Theme: Why Should We Praise God?
From this week’s lessons, we see the need for the righteous to praise God continually.
Scripture: Psalm 92:1-15
Dr. John Piper is the senior pastor of Bethlehem Baptist Church in Minneapolis, Minnesota, and he has written a book on the enjoyment of God which he calls Desiring God: Meditations of a Christian Hedonist. Picking up on the first answer of the Westminster Shorter Catechism, which I have just cited in yesterday’s study, Piper urges Christians to glorify God by enjoying him, for that is what God wants and it is both our greatest duty and pleasure. Piper asks: “Does Christian hedonism put man’s pleasure above God’s glory? No. It puts man’s pleasure in God’s glory. Our quest is not merely joy. It is joy in God. And there is no way for a Christian to consciously manifest the infinite worth and beauty of God without delighting in him. It is better to say that we pursue our joy in God than to simply say that we pursue God. For one can pursue God in ways that do not honor him….The enjoyment of God and the glorification of God are one.”1
The psalmist would have understood that perfectly, even if we do not, for he reminds us wisely that “it is good to praise the LORD and make music to his name.” Do you understand that? Do you know how good it is? Here is another question based on these first verses of Psalm 92: What should we praise God for? The psalm suggests two things: 1) the steadfast love of God, for that is what the Hebrew word translated “love” in verse 2 (hesed) actually means; and 2) God’s faithfulness. There are other things for which we will also want to praise God, but those two alone are enough to keep us busy. It is God’s steadfast, covenant love that reaches out to us initially to redeem us from sin, and it is his faithfulness that keeps us in that love relationship. As Christians, we know both of these to the highest degree in Jesus Christ.
Here is still another question based on these first verses: How should we praise God? The psalm answers: joyfully (v. 4) and with instruments (v. 3). In fact, as far as instruments go, it specifies two of the instruments of that day: “the ten-stringed lyre” and “the harp.” I know that there is a tradition in the church that opposes the use of musical instruments in worship, but I do not see how it can stand in the light of these and other Bible passages. Spurgeon’s congregation used only unaccompanied hymns. So it is not surprising that he quotes some who were opposed to instruments.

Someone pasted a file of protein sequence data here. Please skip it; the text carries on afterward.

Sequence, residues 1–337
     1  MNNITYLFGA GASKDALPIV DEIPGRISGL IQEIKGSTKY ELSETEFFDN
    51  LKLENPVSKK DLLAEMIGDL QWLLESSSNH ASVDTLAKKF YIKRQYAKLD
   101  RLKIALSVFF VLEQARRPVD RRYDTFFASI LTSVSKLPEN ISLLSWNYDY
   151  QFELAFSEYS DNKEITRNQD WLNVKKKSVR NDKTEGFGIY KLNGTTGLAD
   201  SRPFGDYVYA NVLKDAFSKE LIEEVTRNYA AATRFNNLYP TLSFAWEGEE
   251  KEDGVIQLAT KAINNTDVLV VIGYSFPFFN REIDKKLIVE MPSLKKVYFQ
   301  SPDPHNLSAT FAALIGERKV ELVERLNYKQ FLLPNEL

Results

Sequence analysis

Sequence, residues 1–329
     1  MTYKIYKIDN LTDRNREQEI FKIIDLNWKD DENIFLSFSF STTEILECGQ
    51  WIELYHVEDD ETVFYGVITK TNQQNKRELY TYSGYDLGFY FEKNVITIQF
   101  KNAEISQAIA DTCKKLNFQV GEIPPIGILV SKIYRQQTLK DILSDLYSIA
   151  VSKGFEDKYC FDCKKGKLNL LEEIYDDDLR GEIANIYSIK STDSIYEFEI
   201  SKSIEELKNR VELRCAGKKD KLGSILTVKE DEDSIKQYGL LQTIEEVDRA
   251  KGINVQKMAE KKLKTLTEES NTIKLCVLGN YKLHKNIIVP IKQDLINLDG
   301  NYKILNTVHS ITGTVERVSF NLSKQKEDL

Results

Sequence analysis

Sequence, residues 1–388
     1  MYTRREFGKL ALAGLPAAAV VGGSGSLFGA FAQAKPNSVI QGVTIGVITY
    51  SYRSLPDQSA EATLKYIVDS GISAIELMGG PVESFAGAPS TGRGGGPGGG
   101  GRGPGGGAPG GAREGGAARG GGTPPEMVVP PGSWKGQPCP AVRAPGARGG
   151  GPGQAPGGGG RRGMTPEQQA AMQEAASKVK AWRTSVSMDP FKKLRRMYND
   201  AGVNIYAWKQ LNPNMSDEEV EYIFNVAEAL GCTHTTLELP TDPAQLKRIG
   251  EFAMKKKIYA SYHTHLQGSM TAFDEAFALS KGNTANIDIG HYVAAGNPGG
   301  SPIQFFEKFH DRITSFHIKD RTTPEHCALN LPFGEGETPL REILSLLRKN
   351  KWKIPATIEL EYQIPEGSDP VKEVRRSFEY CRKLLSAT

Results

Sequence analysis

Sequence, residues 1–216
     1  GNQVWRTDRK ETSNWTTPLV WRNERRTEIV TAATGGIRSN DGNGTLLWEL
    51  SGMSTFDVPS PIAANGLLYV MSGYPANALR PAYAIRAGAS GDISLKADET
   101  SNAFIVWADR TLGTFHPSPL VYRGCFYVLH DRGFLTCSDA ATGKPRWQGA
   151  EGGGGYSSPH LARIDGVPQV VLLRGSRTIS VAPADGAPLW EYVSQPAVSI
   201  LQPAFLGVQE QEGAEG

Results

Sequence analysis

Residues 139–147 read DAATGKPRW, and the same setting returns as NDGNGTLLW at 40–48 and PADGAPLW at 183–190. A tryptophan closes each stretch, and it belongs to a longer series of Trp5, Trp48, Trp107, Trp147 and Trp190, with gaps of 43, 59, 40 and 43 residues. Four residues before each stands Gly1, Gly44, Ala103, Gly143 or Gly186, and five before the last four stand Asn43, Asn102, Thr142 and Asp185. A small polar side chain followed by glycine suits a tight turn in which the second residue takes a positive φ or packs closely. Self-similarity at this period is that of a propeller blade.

He quotes John Calvin, who said, “From this it appears that the Papists, in employing instrumental music, cannot be said so much to imitate the practice of God’s ancient people, as to ape it in a senseless and absurd manner, exhibiting a silly delight in that worship of the Old Testament which was figurative, and terminated with the gospel.” Calvin believed that our spiritual worship of Christ today displaces musical instruments.
Spurgeon also quotes John Chrysostom: “Instrumental music was only permitted to the Jews, as sacrifice was, for the heaviness and grossness of their souls.” He quotes Andrew Fuller, who wrote, “Instrumental music… appears with increasing evidence to be utterly unsuited to the genius of the gospel dispensation.”2 Well, that may be their opinion. But for my part, I regard this as merely special pleading to uphold a personal dislike of instrumental music and a preference for unaccompanied singing. For what can possibly be wrong with making a loud noise to the Lord, as the ancients did, as long as we understand what we are doing and are truly praising God? Indeed, how can we fail to worship loudly and with instruments? We should worship God with every possible tool at our disposal.
1John Piper, Desiring God: Meditations of a Christian Hedonist (Portland: Multnomah, 1986), pp. 225, 226.
2See Charles Haddon Spurgeon, The Treasury of David, vol. 2a, Psalms 58-87, (Grand Rapids: Zondervan, 1966), p. 123.
What difference does the emphasis to have joy in God make?
Explain what Piper means by the statement, “The enjoyment of God and the glorification of God are one.”
Name two things for which we should praise God. Why?
Explain the argument against musical worship. What is your view, and what are your reasons for it?
Do you enjoy God, or has your enjoyment decreased from an earlier time? What brought about the change? What steps will you take to increase your enjoyment of him?
Have you experienced the beneficial effects of praise? How?
List examples of God’s love and faithfulness demonstrated to you. Praise God for the things on your list. Think of ways to incorporate the praise of God into all your days of the week.